I have a few thoughts I'll make as non-partisan as I can. (Which still isn't very non-partisan. I'm not gonna lie. I don't really like Kerry. I don't much like Bush either. Since I didn't live in a swing state in 2004, I didn't feel obligated to vote for either of them. God bless write-in slots.)
1. If Kerry hadn't said anything noteworthy, what would've dominated the news cycle instead? Probably George Allen's goons roughing up a Democrat here in Charlottesville. The Allen/Webb campaign has already drawn intense national interest for its competitiveness and drama (I mean drama in the lame junior-highish sense), and Kerry blew a great news story for Democrats by shifting the attention to himself, with only a week to go before the election, no less.
2. There are those Kerry defenders who think he doesn't need to apologize for what he said. (What's odd is that his defenders don't agree on whether he was "right" in the sense that he was talking about Bush getting us stuck in Iraq because he didn't study hard enough in school [notwithstanding Kerry's similarly lackluster Yale GPA--let's just settle this right now: you and I, dear reader, are smarter than BOTH these bozos], or right about what it sounded like he was saying about the troops in Iraq. If you can't agree on what he was talking about, isn't that in itself indicative of a problem?) In this case, when Kerry's reputation isn't on the line but his party's is, it doesn't matter whether he was right. Kerry needed to apologize as soon as he realized he'd caused a kerfuffle and get out of the news as soon as possible, for the sake of his party. No, he's not running for office, but he's still the public face of the Democratic party, as their most recent presidential nominee. I doubt nearly as many people know who the DNC chair is, or who the House minority leader is, as know Kerry was the last Democrat to run for president. I don't mean that he actually is representative of mainstream Democratic opinion, just that people are likely to perceive him that way. What he says matters, not just for Kerry, but for all Democrats, and they have a lot at stake this year. (I doubt that ultimately this incident will make much difference by itself, but it compounds the public image issues that Democrats as well as Republicans have. I can't think of an election year in which discussion of actual, you know, policy was more important, and in which less of it has taken place.)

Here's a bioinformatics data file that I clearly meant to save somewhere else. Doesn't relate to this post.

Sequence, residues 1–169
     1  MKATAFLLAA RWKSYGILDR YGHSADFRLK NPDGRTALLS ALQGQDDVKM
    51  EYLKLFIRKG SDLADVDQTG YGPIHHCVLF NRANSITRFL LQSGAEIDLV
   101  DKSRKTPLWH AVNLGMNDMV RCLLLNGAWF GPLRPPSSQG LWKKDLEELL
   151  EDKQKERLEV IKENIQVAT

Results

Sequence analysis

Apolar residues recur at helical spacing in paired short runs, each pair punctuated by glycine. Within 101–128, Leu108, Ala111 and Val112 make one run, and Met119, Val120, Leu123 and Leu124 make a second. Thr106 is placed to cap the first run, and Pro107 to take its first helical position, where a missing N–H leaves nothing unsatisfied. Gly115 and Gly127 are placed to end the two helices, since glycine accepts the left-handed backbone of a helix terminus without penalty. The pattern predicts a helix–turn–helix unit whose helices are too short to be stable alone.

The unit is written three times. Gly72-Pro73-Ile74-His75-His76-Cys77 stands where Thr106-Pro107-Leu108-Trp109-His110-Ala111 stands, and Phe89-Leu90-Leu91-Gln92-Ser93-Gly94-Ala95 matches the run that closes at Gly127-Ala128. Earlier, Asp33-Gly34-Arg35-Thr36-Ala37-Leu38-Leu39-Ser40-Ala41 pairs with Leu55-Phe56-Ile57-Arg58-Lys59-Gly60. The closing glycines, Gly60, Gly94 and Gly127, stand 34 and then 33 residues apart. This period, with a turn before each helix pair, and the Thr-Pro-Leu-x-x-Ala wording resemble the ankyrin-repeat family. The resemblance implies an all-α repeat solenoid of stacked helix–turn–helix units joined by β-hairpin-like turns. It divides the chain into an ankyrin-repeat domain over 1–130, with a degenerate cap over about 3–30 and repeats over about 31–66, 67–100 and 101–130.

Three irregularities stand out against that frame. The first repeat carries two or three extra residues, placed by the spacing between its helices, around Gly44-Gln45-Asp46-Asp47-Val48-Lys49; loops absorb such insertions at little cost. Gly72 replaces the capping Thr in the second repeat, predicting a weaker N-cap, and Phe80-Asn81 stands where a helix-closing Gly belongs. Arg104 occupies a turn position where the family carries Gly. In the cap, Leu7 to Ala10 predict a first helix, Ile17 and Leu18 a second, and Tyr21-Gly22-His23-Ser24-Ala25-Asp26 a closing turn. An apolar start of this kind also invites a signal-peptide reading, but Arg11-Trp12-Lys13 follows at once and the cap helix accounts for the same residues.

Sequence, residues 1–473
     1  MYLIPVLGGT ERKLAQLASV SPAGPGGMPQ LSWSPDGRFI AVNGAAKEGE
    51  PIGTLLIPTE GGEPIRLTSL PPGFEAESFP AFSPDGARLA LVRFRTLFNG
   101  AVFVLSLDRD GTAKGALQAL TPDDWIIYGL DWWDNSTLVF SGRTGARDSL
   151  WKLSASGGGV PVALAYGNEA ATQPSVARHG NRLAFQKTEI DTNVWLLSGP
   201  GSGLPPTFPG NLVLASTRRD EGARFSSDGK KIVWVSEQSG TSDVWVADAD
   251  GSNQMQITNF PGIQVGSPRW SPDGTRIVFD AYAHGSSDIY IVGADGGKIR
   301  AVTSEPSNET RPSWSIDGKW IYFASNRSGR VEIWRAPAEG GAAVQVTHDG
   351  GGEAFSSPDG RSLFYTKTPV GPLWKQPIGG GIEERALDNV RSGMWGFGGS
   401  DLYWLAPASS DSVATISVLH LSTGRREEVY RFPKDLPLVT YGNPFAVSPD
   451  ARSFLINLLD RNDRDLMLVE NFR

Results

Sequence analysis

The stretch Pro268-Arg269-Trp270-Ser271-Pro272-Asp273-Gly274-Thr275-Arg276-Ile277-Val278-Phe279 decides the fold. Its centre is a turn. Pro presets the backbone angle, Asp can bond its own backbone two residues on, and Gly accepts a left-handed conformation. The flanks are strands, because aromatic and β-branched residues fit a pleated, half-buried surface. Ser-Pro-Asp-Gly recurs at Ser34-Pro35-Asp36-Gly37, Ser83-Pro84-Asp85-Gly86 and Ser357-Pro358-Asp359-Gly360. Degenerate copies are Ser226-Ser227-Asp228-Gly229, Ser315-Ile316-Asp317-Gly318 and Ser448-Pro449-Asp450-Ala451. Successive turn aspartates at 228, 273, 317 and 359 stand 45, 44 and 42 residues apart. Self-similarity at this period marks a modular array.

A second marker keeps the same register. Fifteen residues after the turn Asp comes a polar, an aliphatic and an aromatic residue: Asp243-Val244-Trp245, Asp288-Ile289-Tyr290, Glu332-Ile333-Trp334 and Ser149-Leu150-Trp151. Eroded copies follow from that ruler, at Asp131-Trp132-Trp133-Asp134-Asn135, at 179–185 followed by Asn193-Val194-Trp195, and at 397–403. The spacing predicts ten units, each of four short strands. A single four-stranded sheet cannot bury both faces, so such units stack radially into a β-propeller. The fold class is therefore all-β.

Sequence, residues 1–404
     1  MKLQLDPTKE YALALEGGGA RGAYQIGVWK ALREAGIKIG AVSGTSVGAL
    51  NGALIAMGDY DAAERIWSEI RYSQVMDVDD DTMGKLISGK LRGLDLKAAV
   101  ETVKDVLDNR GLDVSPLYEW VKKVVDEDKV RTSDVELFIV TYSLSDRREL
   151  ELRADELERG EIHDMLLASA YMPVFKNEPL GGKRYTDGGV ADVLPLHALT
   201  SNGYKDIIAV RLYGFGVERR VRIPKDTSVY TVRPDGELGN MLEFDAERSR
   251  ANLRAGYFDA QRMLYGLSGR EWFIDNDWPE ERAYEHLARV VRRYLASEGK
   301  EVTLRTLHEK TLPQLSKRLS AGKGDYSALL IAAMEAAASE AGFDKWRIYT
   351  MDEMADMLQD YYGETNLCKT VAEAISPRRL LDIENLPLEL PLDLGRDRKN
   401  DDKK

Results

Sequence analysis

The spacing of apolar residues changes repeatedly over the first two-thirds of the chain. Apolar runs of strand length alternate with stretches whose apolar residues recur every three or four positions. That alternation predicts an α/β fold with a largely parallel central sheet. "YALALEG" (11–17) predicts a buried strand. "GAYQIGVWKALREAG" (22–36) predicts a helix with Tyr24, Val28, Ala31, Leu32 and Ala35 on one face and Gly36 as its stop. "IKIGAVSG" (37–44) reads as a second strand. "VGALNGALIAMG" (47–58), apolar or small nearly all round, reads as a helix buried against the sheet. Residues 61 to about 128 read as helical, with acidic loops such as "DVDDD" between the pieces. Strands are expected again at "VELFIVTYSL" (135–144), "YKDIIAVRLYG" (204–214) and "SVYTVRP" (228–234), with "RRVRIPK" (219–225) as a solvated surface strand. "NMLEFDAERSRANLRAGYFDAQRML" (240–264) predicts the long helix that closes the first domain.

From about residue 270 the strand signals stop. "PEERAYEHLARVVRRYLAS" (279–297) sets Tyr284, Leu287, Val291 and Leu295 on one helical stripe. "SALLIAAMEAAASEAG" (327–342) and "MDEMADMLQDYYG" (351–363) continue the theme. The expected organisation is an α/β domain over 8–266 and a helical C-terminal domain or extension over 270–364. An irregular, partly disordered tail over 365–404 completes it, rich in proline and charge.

3. Kerry's just a bad politician. He would be much more savvy if he'd had his belligerant response to the Swift-Boating and his meek response to the controversy surrounding his recent comments. I am operating on the assumption that he was foolish enough to say something unintentionally that would alienate a lot of people, but not so foolish as to intend to say what came out of his mouth. I don't think he can be not foolish, though. "Not foolish" entails not giving your political enemies their material in the first place, and then spending two days making the situation even worse. Kerry has decades of political experience and ran for the highest office in the country. He should know by now how the game works.
10 months ago